104 South Street | Cleveland, MS 38762 | 662-843-3344


Our artists-in-residence are talented, inspiring citizens of the world and we want to showcase them. Here you will be able to take a closer look into them, their philosophies, and their passion for art.

DAA Partnerships Spotlight:

Greenville Renaissance Scholars 

“Young people, especially young people who are going through a tough situation, need that outlet to be able to express themselves, to have somebody listen to them, to have someone affirm who they are and to value who they are. I think those are things that we are able to do through our partnership with DAA and the art programs that we have.”

Jon Delperdang , Executive Director of Greenville Renaissance Scholars


GREENVILLE - The value of art, as a tool for reflection, expression and connection, can not be overstated. Delta Arts Alliance advocates, without fail, every day for a greater appreciation of the arts and for the life-changing impact arts education can have in its work with the youth of the Mississippi Delta. Fervid partnerships help to strengthen and magnify that work, and today, in this e-issue of FROM the MIDDLE, Delta Arts Alliance highlights its partnership with Greenville Renaissance Scholars. Greenville Renaissance Scholars is a program that, as its mission states, seeks “to inspire, motivate and prepare students to succeed on a college track through academic enrichment, college planning, leadership training, arts programming and community experiences.” DAA supports this extraordinary, mission-driven work by connecting GRS with two Artists-in-Residence from the Delta Arts roster.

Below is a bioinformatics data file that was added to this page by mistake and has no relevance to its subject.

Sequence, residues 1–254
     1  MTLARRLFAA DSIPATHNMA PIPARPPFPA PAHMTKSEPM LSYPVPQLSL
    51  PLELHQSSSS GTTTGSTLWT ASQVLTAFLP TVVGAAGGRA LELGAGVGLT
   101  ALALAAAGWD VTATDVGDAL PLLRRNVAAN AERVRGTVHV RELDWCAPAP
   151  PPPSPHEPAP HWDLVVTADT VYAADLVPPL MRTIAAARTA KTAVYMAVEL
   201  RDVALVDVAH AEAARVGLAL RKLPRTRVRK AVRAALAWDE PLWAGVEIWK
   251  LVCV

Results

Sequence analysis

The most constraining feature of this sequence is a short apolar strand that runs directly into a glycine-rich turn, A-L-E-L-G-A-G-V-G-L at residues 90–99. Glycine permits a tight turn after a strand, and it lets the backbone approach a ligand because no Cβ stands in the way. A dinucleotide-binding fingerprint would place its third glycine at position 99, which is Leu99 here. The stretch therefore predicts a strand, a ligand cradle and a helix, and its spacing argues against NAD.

This year, Artists-in-Residence Chelsea Young and Mariah Hutchinson are each teaching two periods, daily in songwriting and visual arts, respectively. Through these classes students have delved into various themes, from community violence to personal identity, to allow them to reflect and shape their own voice and shed light on the experiences they’ve gone through. This is not the first year Delta Arts Alliance has brought arts programming to the Greenville Renaissance Scholars camp, but it is the first year DAA boasts the funding support of Straddlefork Foundation. "We are grateful to the Straddlefork Foundation and its long-standing commitment to Washington County," said DAA Executive Director Rori Eddie Herbison. "The equation is pretty elementary ; the more funds on hand, the more in-service we provide across the Delta. This generous gift helped to cover costs associated with placing two artists in classrooms, equipping those classrooms and securing travel expenses."